In Arabidopsis, there are four homologs of class A1 heat shock factor (HSFA1) genes, which likely encode the master regulators of heat shock response (HSR). However, previous studies with double knockout (KO) mutants were unable to confirm this point probably due to functional redundancy. Here, we generated a quadruple KO (QK) and four triple KO mutants to dissect their functions. Our data show that members of the HSFA1 group not only play a pivotal role in HSR but also are involved in growth and development. Alterations in morphology and retardation in growth were observed in the quadruple but not in triple KO mutants. The basal and acquired thermotolerance capacity was dramatically decreased in the QK mutant but varied in triple KO mutants at different developmental stages. The transcriptomics profiles suggested that more than 65% of the heat stress (HS)-up-regulated genes were HSFA1 dependent. HSFA1s were also involved in the expression of several HS genes induced by H(2) O(2) , salt and mannitol, which is consistent with the increased sensitive phenotype of the QK mutant to the stress factors. In conclusion, the Arabidopsis HSFA1s function as the master regulators of HSR and participate as important components in other abiotic stress responses as well.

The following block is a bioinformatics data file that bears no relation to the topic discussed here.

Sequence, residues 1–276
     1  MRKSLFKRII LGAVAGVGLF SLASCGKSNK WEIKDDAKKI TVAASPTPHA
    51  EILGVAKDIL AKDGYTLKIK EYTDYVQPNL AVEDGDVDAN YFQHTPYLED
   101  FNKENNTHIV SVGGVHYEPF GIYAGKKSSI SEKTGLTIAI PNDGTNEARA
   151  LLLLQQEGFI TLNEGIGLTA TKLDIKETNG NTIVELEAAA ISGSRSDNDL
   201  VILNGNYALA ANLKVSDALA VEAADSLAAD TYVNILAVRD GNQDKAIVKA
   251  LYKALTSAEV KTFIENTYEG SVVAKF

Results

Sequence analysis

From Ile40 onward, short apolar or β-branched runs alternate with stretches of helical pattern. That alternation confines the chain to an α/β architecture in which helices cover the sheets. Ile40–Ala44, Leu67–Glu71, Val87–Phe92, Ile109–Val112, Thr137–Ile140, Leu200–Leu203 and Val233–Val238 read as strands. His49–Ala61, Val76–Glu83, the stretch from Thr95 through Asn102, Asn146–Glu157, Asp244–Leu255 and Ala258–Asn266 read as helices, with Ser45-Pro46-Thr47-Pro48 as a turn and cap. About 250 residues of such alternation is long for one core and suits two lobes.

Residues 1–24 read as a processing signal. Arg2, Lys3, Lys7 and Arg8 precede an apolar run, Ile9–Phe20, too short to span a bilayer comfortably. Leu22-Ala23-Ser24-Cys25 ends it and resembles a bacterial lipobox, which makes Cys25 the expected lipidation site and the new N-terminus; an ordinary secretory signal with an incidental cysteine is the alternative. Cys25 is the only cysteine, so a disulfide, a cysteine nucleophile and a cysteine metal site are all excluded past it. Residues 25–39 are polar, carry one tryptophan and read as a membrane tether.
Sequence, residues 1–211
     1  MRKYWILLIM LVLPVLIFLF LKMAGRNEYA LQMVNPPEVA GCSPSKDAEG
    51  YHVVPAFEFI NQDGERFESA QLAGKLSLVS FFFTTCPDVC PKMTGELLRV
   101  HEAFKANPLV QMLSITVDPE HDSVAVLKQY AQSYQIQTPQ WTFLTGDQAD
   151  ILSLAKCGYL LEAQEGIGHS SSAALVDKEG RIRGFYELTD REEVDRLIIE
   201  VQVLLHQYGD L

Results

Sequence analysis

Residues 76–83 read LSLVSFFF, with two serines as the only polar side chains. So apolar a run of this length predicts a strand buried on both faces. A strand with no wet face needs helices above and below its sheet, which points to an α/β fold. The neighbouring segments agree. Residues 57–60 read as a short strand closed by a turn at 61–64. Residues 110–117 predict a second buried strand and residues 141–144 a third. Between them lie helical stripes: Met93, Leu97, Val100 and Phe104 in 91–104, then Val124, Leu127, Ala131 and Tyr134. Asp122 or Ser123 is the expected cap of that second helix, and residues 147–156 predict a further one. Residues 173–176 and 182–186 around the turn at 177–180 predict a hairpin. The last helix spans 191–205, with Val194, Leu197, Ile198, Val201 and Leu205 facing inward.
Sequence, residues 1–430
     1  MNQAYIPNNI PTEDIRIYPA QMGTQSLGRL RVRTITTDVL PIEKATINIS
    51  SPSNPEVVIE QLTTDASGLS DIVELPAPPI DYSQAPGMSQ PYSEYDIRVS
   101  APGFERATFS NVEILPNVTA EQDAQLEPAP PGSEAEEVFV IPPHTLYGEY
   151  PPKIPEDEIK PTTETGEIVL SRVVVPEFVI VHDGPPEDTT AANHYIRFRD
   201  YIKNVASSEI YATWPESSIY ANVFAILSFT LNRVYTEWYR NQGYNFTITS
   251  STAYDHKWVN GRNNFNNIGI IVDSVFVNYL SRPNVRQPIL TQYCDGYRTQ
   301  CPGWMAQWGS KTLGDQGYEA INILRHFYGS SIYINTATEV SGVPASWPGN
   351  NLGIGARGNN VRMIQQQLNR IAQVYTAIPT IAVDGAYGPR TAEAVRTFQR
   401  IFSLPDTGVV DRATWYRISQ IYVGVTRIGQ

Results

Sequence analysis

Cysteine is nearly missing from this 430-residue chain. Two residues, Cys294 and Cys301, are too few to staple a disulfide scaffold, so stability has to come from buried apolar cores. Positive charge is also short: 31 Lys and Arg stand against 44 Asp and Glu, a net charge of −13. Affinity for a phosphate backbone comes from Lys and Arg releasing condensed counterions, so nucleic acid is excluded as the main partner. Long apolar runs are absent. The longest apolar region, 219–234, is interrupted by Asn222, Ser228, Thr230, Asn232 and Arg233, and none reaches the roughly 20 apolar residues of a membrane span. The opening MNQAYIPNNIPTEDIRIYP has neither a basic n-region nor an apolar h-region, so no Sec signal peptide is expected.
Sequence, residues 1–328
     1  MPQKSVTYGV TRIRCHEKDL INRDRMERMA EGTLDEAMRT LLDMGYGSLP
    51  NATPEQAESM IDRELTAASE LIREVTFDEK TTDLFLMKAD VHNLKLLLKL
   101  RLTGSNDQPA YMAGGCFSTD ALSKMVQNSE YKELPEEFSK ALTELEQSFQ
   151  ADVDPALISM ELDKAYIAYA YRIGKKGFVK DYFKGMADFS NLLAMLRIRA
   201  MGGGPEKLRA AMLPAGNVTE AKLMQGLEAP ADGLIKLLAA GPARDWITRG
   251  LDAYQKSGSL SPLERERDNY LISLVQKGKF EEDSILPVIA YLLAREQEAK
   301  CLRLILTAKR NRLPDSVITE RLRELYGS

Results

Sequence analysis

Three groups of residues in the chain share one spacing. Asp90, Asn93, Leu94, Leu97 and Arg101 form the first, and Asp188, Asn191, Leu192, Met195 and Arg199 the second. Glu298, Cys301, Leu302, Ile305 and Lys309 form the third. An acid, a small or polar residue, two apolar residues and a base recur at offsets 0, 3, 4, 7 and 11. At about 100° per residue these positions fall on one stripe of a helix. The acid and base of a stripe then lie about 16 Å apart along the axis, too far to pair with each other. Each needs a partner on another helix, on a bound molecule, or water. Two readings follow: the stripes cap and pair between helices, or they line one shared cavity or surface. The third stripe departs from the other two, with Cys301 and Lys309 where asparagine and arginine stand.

© 2011 Blackwell Publishing Ltd.